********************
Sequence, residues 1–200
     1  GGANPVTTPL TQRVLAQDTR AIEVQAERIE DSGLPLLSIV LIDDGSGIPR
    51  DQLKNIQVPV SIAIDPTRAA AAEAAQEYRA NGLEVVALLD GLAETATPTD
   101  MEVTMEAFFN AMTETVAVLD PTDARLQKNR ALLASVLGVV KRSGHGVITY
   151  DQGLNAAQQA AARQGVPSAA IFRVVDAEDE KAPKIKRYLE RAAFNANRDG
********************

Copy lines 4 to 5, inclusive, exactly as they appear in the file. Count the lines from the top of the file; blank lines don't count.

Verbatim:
   101  MEVTMEAFFN AMTETVAVLD PTDARLQKNR ALLASVLGVV KRSGHGVITY
   151  DQGLNAAQQA AARQGVPSAA IFRVVDAEDE KAPKIKRYLE RAAFNANRDG